As I’ve already mentioned, this book is very chart and graph heavy. The text basically already assumes you know something about stocks and investing. It does not get into what a dividend stock is, using them for retirement, DRIP’s, or any other 101 lesson such as that. If you’re just starting out, you may want to consider reading “The Little Book of Big Dividends: A Safe Formula for Guaranteed Returns” by Charles Carlson first.


Related Posts:

1) Book Review: “The Little Book of Big Dividends” by Charles B. Carlson

2) Protecting Yourself with Dividend Stocks

3) Will Dividend Stocks Help Me Retire Early?

Photo Credits: Amazon, Dividends Still Don’t Lie


  1. Nell @ Housewife Empire says

    This book looks great, but as you said — I think I’d need to read a few beginner books to get my feet wet before I dive into this one. Great writeup!

    • MMD says

      Thanks Nell and welcome to the site! Yes, try the “Little Book of Big Dividends” first. It is much more introductory in nature. I’ve spent most of this year and last learning about dividends and how people use them as part of their passive income strategy. It’s a very intriguing concept that requires a lot of wealth generation over time, but could have great pay-off.

    • MMD says

      Yes, the book does a good job of describing the theory and arguing for the dividend metric. However, the bulk of the text is more suited to support the theory. To some degree Wright basically assumes you’ve read the first book from the 80’s and then builds upon the theory by presenting data that takes us all the way up to the present. Although he describes what the “under-value” or “over-value” lines are, he does not reveal the equations for technically determining them. I guess you can’t reveal the magic behind all your tricks.

      I know what you mean about reading books and having them be giant infomercials. That seems to be more and more common place in some of the newer books.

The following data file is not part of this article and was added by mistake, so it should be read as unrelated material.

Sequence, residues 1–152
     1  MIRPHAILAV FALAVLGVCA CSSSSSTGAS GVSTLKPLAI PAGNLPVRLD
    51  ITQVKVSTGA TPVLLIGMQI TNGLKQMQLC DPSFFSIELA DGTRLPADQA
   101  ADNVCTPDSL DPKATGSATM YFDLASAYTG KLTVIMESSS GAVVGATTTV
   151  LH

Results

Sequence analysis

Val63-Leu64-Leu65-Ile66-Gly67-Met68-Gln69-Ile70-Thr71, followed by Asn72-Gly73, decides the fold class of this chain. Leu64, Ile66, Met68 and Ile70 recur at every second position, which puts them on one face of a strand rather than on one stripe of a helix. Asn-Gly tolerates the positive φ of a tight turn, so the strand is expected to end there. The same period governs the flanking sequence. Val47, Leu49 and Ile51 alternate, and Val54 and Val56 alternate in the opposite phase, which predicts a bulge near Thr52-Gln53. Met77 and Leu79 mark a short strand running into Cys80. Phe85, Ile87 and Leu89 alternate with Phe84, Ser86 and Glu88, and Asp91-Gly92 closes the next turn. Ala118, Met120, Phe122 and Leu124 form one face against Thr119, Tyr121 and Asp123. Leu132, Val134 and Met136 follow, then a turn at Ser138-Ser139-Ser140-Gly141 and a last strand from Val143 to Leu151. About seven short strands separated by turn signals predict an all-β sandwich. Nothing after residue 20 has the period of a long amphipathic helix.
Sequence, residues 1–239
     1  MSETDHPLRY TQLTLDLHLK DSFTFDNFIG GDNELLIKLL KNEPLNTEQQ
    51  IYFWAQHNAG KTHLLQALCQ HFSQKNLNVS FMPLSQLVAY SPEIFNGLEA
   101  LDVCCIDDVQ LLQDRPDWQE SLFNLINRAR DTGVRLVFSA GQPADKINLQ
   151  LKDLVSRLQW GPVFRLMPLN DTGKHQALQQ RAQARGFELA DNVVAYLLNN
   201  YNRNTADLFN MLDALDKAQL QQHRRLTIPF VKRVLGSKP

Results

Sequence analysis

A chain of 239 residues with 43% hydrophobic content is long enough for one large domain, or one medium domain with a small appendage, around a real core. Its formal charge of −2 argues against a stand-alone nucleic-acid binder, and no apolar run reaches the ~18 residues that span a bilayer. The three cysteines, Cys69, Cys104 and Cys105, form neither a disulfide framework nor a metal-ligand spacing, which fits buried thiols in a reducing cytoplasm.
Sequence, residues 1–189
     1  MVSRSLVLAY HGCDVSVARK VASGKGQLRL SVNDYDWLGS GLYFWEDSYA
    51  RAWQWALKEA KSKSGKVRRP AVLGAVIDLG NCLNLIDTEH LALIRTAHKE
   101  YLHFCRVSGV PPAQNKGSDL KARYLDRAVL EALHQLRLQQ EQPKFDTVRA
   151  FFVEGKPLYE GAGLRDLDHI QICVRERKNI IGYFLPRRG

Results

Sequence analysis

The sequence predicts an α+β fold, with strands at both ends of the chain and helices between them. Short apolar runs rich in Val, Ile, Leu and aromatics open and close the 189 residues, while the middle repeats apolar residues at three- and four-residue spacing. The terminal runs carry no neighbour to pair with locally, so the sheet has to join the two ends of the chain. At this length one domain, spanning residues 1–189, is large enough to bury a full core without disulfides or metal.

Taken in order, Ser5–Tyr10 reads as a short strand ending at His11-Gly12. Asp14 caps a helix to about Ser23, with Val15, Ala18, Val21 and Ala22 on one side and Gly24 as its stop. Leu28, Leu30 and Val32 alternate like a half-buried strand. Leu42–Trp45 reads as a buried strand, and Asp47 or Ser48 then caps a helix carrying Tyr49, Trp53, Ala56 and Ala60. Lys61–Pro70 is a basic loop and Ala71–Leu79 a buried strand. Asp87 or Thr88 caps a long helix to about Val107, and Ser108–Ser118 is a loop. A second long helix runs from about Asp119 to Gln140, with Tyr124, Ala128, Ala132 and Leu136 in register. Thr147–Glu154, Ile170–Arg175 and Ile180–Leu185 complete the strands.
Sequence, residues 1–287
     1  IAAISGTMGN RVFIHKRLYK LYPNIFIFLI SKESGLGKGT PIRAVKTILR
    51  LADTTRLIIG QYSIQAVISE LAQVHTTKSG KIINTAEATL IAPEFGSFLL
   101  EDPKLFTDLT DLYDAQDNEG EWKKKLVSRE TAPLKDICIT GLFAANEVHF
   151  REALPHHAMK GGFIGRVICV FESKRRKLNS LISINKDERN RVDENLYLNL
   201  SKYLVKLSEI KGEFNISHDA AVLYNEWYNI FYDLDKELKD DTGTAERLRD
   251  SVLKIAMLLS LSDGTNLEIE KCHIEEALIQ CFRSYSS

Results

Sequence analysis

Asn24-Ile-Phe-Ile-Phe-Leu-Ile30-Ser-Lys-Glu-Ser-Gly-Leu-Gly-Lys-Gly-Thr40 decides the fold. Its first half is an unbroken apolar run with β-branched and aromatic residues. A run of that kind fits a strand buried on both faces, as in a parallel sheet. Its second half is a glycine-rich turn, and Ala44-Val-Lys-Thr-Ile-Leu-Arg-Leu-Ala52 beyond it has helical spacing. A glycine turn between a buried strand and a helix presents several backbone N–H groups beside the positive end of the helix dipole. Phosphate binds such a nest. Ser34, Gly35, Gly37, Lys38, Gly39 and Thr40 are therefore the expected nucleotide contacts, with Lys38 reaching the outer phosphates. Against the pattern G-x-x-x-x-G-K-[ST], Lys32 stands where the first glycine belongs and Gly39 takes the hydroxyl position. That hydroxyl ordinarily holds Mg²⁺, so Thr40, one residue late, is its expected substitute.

2. says

    Thanks for the tip MMD! I haven’t gotten into dividend paying stocks but it will be something I consider as we start to invest more heavily in the coming years.

    I would add this book to my list now but I have like 30 already on there. I think I will just have to take a mental note and check this out when the time is right (for me).
    Jason recently posted..Recipe: BBQ Chicken QuinoaMy Profile

    • MMD says

      I’ll make dividend investing easy on you Jason – Just keep checking back here! That was one of my major initiatives for the year. And as you can tell, I’m making sure to share my lessons with everyone as I keep learning more about them.

  3. says

    I like this approach especially with blue chips. I think that having a portfolio of blue chip, high yield dividend stock is must for your safe retirement. I’d even mix this with the Down theory. Find high quality, blue chip stock that is undervalued. Let it go up before you sell and reinvest into another undervalued blue chip. You make money by the stock price gain and the dividend while you are waiting for stock to go up!
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    • MMD says

      Again, you have read my mind! I’m working on a post now about the Dogs of the Dow that I will publish in about two weeks. The Dogs theory intrigues me! It seems more and more that dividends reveal a great deal more about investing security than most of us realize.